This is where Blueprint comes in: one day I read that Rolf Fehlbaum from Vitra saw me as one of Britain's most interesting new designers - and I promise you I did not know that I was a designer at that time - I just did something. Later Vitra called me in to design for them.
An original Ron Arad sketch for the chair
JT: Where did the idea to go to a scrapyard come from?
RA: It came from ready-mades - Marcel Duchamp, Picasso's Toro bicycle seat and handle bar - it came from doing something that I could do. It wasn't part of an ecological campaign, although shortly after the Rover chair got some fame, Friends of the Earth put it on the cover of its magazine.
I learned to weld at Shorts Gardens [site of his One Off shop in Covent Garden]. I used to come everyday to weld and make furniture. In the windows there was calligraphy and cartoons.
In 1986, the Pompidou Centre celebrated its 10th anniversary and did an exhibition, Nouvel Tendance. I was called 'the ruinist' by the French, and I thought I am creating beauty and exposing beauty where it's normally hidden. I thought I'm a jeweller or something. They decided to invite me, I was the youngest of all the participants. I did things not out of ideology, I did what I could do; there was nothing ruinist about it.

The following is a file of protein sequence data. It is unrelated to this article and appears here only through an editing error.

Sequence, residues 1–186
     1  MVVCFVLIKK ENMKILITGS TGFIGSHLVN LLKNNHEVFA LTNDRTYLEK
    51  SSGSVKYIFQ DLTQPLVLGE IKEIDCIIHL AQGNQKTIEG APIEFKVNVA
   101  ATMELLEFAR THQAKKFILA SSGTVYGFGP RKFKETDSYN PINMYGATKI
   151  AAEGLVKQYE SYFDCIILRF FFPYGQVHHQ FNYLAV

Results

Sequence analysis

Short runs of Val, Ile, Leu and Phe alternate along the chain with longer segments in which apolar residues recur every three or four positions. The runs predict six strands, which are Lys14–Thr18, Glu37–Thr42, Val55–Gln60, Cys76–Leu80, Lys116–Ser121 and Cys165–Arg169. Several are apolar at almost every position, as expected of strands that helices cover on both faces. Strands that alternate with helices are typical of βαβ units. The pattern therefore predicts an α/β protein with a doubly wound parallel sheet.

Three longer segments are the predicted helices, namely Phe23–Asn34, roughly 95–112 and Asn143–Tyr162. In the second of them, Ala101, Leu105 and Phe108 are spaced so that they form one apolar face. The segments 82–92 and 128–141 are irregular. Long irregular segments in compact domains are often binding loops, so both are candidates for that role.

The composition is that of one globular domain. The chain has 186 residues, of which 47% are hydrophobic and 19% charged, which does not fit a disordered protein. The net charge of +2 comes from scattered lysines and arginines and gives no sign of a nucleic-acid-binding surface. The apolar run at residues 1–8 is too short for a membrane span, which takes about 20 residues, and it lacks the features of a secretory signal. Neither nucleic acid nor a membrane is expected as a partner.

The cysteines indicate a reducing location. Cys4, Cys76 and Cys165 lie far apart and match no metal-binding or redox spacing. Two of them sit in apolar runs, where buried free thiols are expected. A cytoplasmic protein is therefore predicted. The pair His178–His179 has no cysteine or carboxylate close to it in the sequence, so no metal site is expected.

The 2008 Pompidou Exhibition, including the record player coveted by Johnny Tucker...
JT: During that period, you made a lot of Rover chairs. How did you sell the early ones?
RA: I was at Shorts Garden one Christmas Day and there was a funny guy knocking on the door. I said, 'We're closed.' He said, 'But I want to buy these chairs!' He came in and bought six. He paid there and then, £99 each, and gave me an address in Paris to deliver them to. After the holiday, Caroline [Thorman, business partner] looked at the cheques and said, 'Ah, Jean Paul Gaultier.' I said, 'Who's Jean Paul Gaultier? In 1981, I didn't even know who Jean Paul Gaultier was.
Later we discovered we shared the same birthday. I did his shop on South Molton Street, in London, and shortly after that - and definitely not because of that, because it was a private affair - the chair became a best-selling piece; people just wanted to buy the Rover chair. Richard Rogers bought one as well.
After selling some Rover chairs to Jean Paul Gaultier Ron Arad went on to design Gaultier's first London shop
I employed two people with a van to go up and down all the scrapyards in the country to get any Rover seats they could, in any condition, and a motor trimmer in Kentish Town. [They] stopped taking on any other work and concentrated on repairing the Rover chairs for me. At some point, we declared we were making the last 100 and some crazy guy from Sweden bought them. What I really didn't get about this guy was that he was a fan of mine and of Guns N' Roses.